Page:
The Cubs are in the World Series, and Chicago has lost its collective mind. In a good way, of course!
They can hardly be blamed. The Cubs haven’t won a World Series since 1908, the longest drought between championships in Major League Baseball. The battle between Cleveland Indians and the Chicago Cubs is in full swing, with the teams tied at 1-1 after the Cubs celebrated their first win in a Fall Classic game in 71 years. Game 3 tomorrow will reveal who takes the lead.
The Cubs were the first team to win back to back World Series (in 1907 and 1908, respectively) and play in multiple World Series after that – but in game 4 of the 1945 World Series their lucky streak came to a crashing halt. Some blame the infamous billy goat curse, but no-one is really sure what happened to the Cubs; year after year they’d start strong then have victory snatched away.
All of that is forgotten as the Cubs powered their way to the World Series this year and are holding their own against Cleveland. Chicagoan’s are delighted, and the city is in a permanent state of anxious hysteria. Wrigleyville in particular is feeling the excitement, as a lot of people can see into the stadium from their rooftops or condos (in fact, Chicago real estate agents could use that fast as a Unique Selling Point when showing real estate properties in the area!)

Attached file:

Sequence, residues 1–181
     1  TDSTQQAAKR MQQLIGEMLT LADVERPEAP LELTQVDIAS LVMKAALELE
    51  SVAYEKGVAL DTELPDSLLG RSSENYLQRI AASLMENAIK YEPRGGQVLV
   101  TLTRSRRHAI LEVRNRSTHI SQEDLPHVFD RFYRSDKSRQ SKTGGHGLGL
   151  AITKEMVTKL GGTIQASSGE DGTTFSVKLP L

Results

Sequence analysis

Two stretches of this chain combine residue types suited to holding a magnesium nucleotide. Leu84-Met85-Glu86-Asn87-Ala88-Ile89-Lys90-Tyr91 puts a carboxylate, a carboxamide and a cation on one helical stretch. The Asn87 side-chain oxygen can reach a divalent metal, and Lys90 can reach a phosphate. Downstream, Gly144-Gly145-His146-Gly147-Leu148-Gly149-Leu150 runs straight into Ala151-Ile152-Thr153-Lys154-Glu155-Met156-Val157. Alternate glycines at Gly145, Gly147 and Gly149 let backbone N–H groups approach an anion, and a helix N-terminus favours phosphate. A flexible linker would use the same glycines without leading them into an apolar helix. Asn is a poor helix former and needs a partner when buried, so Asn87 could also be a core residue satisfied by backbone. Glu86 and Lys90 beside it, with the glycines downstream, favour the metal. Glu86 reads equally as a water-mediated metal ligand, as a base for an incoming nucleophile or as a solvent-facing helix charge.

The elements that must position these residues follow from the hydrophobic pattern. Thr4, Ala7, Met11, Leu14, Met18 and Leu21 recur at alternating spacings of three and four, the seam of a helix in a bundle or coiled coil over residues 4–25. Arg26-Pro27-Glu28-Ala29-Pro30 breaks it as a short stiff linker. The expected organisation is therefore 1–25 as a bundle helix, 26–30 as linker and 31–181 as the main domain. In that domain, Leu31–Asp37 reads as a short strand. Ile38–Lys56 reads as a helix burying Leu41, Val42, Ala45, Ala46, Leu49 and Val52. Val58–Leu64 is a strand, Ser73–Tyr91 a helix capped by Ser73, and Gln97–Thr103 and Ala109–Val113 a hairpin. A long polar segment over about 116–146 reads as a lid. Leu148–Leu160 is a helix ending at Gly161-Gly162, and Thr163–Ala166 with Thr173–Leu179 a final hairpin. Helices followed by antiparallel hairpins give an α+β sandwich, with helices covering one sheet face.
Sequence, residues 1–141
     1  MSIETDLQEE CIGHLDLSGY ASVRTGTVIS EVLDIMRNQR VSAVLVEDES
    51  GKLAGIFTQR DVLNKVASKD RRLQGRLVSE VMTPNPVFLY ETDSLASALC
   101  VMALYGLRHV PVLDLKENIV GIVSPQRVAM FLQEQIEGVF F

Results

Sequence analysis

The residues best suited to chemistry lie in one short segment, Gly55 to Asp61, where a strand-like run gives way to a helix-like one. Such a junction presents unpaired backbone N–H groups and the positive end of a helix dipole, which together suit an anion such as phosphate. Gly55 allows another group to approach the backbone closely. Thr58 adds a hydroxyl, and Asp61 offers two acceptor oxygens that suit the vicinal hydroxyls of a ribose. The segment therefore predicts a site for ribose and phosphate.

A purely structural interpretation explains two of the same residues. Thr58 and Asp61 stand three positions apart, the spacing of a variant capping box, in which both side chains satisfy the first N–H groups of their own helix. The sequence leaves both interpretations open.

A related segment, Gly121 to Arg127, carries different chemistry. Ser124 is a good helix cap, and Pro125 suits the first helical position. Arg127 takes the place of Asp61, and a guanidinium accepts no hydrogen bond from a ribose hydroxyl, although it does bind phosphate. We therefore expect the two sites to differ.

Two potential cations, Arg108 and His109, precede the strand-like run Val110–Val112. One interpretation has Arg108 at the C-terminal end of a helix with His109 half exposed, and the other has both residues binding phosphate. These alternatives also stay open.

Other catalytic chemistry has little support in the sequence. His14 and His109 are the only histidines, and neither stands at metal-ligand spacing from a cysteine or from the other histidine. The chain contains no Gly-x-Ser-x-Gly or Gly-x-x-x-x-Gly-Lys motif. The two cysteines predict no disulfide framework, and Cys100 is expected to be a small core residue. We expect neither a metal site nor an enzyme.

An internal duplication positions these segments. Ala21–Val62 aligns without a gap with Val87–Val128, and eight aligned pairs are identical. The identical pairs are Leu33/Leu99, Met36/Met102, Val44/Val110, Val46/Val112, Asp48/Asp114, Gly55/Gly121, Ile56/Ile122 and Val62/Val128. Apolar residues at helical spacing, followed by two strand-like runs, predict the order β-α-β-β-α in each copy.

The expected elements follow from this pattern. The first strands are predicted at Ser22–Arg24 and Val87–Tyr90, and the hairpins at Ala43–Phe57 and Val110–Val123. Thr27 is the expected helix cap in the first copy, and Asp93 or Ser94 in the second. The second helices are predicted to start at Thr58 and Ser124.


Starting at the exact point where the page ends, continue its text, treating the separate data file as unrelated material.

As might be expected, the Cubs being in the World Series is bringing a LOT of attention into the area of Wrigleyville. This event has brought up some pros and cons for the neighborhood – while sports enthusiasts and bar-goers can enjoy the enhanced bustle, expanded hours, and amazing, fun crowds who flock to the area, locals can become tired of the crowds, noise, and impossible parking situations on game days.
Whether the series is decided by Sunday or not, the 30th will be the end of the at-home games for the Cubs; games 6 and 7, if played, will be in Cleveland. Regardless, if the Cubs manage to pull if their first World Series win in over a century, Chicagoan’s will be celebrating well into November.